I had to think about this. What makes me a life long reader? My love of books was developed early in life, and I delight in the connections I make as I read, connections that enlarge my view of the world and give me a better understanding of my self, but how does this love of reading translate into guiding students to become life long readers?  What is it that life long readers do?

In Reading in the Wild Donalyn Miller identifies and explains how she promotes these 5 characteristics of life long readers.

Life long readers:

1. Dedicate time to read. –  I am thinking that I need to guide my students to develop reading stamina and learn to read for longer periods of time.  Can students add to their reading time in other ways?  Yes! Donalyn uses the term, reading on the edge, for those small blocks of time through the the day, waiting for an appointment, or riding on the bus when we can capture a few minutes of reading time. Of course, it is helpful to carry a book with you wherever you go in case you have just such a reading emergency. 

2. Self-select reading material. How true this is! Students are keen to read books they choose themselves.

3. Share books and reading with other readers. A classroom community of readers who share and talk about books, sounds inviting. I love talking about books with friends and colleagues and I know that my students would love this too.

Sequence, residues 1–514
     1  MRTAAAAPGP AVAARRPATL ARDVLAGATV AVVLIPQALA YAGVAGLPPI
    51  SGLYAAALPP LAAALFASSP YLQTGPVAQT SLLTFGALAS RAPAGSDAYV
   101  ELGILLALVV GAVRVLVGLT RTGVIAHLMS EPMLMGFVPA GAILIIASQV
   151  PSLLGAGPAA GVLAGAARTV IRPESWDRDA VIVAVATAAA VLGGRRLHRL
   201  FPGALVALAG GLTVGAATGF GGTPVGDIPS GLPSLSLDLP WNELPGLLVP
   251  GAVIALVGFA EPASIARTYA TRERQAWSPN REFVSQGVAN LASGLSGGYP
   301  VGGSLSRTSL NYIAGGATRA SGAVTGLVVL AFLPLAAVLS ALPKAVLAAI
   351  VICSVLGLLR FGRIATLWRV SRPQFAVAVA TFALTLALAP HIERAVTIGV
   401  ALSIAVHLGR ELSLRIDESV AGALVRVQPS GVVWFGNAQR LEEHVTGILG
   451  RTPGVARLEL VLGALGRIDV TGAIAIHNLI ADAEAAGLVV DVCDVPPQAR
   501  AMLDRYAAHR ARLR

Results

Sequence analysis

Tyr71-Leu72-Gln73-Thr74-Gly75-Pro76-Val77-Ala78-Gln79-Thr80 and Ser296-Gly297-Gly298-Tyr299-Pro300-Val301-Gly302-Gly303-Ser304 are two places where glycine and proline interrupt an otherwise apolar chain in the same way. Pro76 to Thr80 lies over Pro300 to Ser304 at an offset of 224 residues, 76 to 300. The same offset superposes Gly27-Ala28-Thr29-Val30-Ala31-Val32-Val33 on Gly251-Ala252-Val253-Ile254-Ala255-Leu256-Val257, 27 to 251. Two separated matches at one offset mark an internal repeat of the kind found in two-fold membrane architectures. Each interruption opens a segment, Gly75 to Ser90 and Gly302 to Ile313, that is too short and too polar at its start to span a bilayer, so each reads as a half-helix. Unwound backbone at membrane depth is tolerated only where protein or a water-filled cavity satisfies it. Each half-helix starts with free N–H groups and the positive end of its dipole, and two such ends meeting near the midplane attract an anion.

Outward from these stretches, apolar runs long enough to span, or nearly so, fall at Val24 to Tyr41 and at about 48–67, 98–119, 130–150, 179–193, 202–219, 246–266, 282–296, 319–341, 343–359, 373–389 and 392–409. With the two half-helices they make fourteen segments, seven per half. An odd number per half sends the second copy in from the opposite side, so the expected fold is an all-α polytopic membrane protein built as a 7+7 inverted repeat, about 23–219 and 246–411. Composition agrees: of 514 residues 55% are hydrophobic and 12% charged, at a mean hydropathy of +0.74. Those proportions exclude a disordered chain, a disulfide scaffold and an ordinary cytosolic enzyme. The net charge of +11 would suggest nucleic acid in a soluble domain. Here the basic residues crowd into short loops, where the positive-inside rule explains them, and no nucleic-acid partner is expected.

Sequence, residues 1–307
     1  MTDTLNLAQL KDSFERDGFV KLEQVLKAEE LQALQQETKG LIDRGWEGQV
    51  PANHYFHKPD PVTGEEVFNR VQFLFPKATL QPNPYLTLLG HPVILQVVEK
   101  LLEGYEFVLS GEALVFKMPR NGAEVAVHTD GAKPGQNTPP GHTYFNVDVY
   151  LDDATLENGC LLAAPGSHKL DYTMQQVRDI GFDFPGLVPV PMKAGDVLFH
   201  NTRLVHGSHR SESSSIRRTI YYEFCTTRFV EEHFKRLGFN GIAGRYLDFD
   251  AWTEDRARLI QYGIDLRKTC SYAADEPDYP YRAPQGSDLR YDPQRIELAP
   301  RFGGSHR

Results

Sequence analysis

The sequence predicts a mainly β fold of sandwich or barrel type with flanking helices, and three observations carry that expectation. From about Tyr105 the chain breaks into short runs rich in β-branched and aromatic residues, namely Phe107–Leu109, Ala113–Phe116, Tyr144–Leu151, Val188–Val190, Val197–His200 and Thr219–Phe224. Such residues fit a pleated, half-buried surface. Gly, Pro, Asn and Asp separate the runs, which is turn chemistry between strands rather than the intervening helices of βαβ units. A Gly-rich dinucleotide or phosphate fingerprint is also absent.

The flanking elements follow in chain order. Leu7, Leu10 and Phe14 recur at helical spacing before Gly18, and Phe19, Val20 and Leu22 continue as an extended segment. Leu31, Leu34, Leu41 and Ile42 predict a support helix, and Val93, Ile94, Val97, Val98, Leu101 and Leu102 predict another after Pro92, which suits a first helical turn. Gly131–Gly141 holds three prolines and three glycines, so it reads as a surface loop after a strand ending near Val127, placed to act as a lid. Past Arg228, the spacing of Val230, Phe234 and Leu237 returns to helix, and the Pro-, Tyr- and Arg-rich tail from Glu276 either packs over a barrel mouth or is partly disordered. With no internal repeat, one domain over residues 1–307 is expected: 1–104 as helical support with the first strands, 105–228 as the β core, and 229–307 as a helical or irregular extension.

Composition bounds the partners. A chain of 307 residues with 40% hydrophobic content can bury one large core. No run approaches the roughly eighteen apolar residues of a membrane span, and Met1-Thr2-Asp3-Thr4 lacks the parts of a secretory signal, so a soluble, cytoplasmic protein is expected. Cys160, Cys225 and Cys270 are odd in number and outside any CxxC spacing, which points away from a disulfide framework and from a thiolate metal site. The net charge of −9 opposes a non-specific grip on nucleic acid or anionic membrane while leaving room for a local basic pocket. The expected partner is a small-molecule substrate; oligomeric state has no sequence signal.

4. Have reading plans. I have never thought about explicitly teaching this to students. I can see that this characteristic propels readers onward. The onus is on me to continually increase my knowledge of children’s literature so that I can inspire my students to anticipate the next book they might read. Fortunately this is something I love to do.

5. Show preferences for genres, authors, and topics. In my experience grade threes are beginning to develop preferences and often it is books that are part of a series. There is room to expand their horizons and show them the variety of reading options available.

And so I wondered…  How do I encourage these habits with 8 year olds who are just on the cusp of becoming established readers. And more importantly how do I promote these characteristics with online learners?

The answer just fell into my lap last spring!  Tune in to my next post to learn about my plan.